When you are playing in Cmaj there are 7 main scales to play and you can mix and match the scales as you see fit for your song. all the scales use the same notes, but they're arranged differently therefore creating a different scale. the most obvious example: C Ionian (or C major) and A aeolian (or A minor-> A minor is the relative minor to C major, uses the same notes and is the 6th degree/mode/scale of the C major scale). C Ionian has an almost happy sound to it, while A aeolian has a darker sound. D Dorian and E Mixolydian are like that as well. the Dorian scale has a darker texture while the latter has a much brighter sound and both are in the key of C major. I think it is either Bodom or Afro Raven who made a great lesson on keys and modes, check out the lessons section of this site to learn more about that.
GuitarBoy666  
1 Jan 2008 11:37 | Quote
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Oh yes, it was Bodom I have the lesson bookmarked for further reference.
I think I might be understanding now - Cmaj7 would be like the 7th Cmaj scale ?
Rshred  
1 Jan 2008 17:10 | Quote
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no not really. so you have a C major chord which uses the 1st(C), maj.3rd(E) and the 5th(G). to make the Cmaj7th you add the 7th(B) to the chord. now you have 1-3-5-7. to get a Cmaj.9th you add the 9th(D)-the eighth degree of any major scale is the root (in this case the 8th degree in Cmaj. is C), so any degree after that you start the root again (for example the 9th is the same as the 2nd and the 10th is the same as the 3rd etc...although you'll rarely see anything past the 13th).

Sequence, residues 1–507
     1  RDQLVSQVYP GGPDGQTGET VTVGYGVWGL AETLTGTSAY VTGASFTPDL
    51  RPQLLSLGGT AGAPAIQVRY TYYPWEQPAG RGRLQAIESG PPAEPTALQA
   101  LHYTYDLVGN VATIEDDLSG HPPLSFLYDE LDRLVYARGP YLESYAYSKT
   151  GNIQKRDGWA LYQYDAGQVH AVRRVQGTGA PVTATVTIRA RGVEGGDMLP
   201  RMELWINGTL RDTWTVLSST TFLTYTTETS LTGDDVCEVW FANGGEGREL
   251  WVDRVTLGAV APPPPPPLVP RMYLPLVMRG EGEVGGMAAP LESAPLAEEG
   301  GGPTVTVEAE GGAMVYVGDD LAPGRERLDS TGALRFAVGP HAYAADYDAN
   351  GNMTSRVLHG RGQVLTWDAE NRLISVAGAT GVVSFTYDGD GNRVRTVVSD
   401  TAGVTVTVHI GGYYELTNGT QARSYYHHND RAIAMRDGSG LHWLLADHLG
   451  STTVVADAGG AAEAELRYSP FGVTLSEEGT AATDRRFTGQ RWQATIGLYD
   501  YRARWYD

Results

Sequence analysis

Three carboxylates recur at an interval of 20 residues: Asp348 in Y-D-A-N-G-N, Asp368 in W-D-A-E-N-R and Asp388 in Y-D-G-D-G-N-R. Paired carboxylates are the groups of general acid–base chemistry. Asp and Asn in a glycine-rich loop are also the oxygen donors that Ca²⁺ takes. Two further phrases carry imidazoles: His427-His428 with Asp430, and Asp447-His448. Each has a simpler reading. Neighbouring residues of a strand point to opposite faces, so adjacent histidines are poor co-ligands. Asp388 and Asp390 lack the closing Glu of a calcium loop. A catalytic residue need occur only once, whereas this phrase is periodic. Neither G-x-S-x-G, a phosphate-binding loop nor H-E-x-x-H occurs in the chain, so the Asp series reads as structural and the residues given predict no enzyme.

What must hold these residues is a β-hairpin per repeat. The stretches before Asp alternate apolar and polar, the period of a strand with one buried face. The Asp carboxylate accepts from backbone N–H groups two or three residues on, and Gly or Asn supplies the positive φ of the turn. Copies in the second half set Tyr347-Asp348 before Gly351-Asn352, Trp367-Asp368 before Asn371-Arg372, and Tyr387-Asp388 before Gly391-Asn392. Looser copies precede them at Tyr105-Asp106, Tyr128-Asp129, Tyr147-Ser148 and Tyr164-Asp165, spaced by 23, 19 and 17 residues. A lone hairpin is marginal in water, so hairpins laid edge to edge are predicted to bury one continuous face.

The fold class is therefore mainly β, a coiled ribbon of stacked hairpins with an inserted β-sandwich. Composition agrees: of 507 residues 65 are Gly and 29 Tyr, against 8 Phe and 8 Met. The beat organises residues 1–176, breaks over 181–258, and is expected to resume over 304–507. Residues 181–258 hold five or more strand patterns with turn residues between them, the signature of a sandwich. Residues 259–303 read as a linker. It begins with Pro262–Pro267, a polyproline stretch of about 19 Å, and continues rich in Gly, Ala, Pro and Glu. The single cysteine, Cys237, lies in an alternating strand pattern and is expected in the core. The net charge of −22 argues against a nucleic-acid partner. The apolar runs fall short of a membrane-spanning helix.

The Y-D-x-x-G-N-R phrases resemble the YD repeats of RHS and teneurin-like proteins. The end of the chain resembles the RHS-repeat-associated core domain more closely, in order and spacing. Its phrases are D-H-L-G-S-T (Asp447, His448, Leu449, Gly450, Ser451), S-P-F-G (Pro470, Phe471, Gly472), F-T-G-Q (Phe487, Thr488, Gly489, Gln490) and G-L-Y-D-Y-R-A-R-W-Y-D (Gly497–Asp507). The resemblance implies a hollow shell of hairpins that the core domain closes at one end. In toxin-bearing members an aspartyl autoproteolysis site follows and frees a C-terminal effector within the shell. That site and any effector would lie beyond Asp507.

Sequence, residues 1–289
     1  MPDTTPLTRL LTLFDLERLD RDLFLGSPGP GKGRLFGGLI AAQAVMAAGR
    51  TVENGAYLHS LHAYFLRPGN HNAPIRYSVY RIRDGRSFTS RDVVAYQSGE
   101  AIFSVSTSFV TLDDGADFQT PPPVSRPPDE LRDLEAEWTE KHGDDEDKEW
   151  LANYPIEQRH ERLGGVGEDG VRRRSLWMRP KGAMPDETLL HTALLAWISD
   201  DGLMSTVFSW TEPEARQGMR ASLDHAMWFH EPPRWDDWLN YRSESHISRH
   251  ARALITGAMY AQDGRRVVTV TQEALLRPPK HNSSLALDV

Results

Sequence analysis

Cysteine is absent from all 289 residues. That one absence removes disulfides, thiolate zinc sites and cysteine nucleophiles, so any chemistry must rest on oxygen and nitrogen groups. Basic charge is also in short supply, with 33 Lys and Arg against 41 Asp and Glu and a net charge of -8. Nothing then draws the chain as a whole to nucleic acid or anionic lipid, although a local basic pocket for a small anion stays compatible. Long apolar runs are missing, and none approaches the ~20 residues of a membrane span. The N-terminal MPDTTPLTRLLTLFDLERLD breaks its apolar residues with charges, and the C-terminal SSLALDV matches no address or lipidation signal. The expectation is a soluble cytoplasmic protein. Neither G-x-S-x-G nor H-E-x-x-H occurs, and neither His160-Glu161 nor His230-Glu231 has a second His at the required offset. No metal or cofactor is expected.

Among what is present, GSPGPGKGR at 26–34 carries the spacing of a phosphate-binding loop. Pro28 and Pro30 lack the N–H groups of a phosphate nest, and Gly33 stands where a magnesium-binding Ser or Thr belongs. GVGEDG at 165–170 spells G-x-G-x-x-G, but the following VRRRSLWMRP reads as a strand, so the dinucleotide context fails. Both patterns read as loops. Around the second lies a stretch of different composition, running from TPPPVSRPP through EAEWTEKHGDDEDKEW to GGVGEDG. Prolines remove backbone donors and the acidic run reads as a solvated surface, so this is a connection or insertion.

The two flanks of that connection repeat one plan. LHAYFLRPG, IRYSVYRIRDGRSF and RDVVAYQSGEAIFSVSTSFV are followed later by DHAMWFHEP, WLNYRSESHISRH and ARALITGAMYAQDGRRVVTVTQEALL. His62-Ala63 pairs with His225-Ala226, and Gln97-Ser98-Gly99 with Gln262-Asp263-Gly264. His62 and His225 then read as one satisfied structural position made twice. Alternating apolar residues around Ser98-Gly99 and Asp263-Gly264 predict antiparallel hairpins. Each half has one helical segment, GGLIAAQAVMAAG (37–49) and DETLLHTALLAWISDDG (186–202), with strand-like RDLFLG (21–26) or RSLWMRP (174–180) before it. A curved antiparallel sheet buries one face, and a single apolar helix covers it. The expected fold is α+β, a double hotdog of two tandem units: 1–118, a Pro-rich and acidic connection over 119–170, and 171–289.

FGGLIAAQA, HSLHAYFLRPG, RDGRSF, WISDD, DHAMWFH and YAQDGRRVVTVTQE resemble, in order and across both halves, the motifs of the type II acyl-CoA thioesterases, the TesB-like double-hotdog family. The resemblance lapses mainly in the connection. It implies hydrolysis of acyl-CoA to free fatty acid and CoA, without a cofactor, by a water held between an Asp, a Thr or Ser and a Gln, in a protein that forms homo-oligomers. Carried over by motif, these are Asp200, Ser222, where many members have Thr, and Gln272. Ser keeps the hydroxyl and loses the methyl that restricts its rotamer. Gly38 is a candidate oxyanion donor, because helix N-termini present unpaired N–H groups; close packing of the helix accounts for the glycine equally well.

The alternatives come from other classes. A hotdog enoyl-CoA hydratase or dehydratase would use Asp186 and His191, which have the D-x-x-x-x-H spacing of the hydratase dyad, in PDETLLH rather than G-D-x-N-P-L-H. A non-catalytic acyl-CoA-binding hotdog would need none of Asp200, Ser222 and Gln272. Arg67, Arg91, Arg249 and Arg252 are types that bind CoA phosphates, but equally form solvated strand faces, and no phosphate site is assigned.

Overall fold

Explanation of degrees:
in the C major scale you have 7 notes: C, D, E, F, G, A, B -in that order.
each note is a degree (1st, 2nd, 3rd, 4th, etc...) in the scale. since chords are built from scales, these degrees apply to chords as well. Normally there are only 13 degrees in a chord/scale/key. six of those degrees repeat themselves. here are the degrees in C major:
C-1st D-2nd E-3rd F-4th G-5th A-6th B-7th C-8th D-9th E-10th F11th G-12th A-13th. there are 13 degrees because for whatever reason we use odd numbers for degrees most of the time. so if you're talking about A in the key of C major, you would say the 13th degree instead of the 6th degree. degrees refer to notes NOT SCALES. there are only seven scales in the key of C major. The degree of each scale is only the root. heres a little diagram for you:


In the key of C major
root-degree-scale name
C -1st -Ionian/Major
D -2nd -Dorian
E -3rd -Mixolydian
F -4th -Lydian
G -5th -Phrygian
A -6th -Aeolian/Minor
B -7th -Locrian
blackholesun  
1 Jan 2008 19:51 | Quote
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Rshred says:
The numbers maj7th or maj9th are indicating a degree of a scale


Actually they refer to the chords maj7 and maj9. Arpeggios come from chords, so it's useful to understand a bit of chord theory. I just wrote a huge detailed reply but I somehow logged myself out (there might be a timeout thing where you only stay logged in for an hour or something) so nothing happened after I clicked post :( It talked about how chords are made up from scale degrees (a major chord contains the 1, 3 and 5 scale degrees of the major scale) and how the chord formulas are always relative to the major scale. For example, a minor 7th chord contains the scale degrees 1, b3, 5, b7, relative to the major scale. The 3rd scale degree in C is an E, so the b3 is an Eb, and the 7th scale degree is B, so the b7 is a Bb, making the chord C, Eb, G, Bb. I found a website that contains the chord formulas for quite a few chords but not all of them, and I don't like the way some of the chords are sorted into type, so I'll write a lesson in a couple of days about chord formulas and why it's useful to learn and understand them.